I’m learning more and more each day the beauty of a life lived with others, for better or worse. For so long, I’ve struggled with the self-imposed pressure of appearing that I have it all together and that I can handle whatever comes my way. And that’s exhausting. Our vulnerability is one of the most precious things we can share with others, and it can be terrifying to offer it without knowing how it will be received or responded to. But the only way to cultivate genuine relationships is to be honest, even when it’s not pretty. Especially when it’s not pretty. We’re all just trying to make it through the day. Sometimes we just need a little grace, a kind word, and a reassuring hug to remind us that we’re not in this alone. Thank goodness for that.


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the lion sleeps tonight.

“Everyone should have an Unkie.” 

What started out as my brother’s attempt at saying ‘uncle’ when he was a baby became an identity. The one-word moniker belonged to my mom’s brother, Noel. He embodied unconditional love, he made everyone laugh with his exquisite storytelling skills and the quirky ‘tunes’ he would sing (most were Unkie originals…and he did a fantastic rendition of “In the Jungle, the Mighty Jungle”), he selflessly and generously provided for and encouraged the ones he loved. And just like that, he’s gone.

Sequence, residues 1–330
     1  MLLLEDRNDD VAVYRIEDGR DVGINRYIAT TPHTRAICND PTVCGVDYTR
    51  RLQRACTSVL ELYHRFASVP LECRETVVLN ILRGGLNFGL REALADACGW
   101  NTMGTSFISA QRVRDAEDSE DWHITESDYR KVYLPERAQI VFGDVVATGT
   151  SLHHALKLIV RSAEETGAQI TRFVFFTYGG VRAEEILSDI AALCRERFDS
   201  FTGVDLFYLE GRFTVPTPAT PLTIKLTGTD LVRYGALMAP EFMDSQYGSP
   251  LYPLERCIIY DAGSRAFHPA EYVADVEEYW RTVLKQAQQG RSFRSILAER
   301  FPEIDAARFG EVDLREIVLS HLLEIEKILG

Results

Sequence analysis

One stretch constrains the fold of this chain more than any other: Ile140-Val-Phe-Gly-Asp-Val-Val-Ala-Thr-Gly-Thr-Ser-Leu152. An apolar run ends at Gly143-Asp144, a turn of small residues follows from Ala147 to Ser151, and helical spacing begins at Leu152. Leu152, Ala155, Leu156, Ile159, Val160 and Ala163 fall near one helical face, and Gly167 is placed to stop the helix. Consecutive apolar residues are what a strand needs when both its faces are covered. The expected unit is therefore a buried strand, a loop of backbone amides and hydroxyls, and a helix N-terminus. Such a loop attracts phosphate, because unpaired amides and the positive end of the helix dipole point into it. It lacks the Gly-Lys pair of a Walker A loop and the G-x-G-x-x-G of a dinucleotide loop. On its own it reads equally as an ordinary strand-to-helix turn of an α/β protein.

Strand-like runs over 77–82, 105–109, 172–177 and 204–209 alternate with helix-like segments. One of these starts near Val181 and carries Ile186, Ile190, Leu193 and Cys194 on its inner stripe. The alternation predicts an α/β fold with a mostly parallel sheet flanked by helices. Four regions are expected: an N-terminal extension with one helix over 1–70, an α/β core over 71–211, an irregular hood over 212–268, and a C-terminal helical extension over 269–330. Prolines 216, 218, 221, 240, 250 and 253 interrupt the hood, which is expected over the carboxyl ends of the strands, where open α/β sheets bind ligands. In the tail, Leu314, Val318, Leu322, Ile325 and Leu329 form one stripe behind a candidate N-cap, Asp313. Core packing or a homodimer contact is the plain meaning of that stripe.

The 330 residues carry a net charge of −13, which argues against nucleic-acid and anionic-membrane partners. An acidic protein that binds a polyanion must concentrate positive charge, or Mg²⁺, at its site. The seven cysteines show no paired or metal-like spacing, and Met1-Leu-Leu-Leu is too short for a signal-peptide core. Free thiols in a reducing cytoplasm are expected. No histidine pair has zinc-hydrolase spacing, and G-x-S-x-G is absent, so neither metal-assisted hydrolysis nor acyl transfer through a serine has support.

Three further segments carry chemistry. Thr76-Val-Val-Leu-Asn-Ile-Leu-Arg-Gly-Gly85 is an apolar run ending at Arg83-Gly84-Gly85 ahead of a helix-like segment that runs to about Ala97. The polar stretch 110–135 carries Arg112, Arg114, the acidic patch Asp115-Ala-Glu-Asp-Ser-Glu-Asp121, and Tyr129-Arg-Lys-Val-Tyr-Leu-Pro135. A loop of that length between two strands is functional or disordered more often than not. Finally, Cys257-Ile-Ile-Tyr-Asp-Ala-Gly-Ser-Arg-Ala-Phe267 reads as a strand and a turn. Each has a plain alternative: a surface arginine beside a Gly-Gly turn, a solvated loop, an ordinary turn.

When I saw a text from my mom asking for me to call her at 5:30 a.m., I knew something was up…and probably not something good. A few possibilities came to mind, but this was not one of them. I called her right away and was shocked when she told me the news. Completely blindsided. How could this be?

His passing leaves an insatiable void. There will never be another one quite like Unkie. Every memory I have of him is a happy one. Whenever I tell a story involving him, I often end it by saying that everyone should have an Unkie. I had mine for almost 30 years, and he was just the best uncle you could ever imagine. I’m not ready for him to be gone yet. It’s much too soon.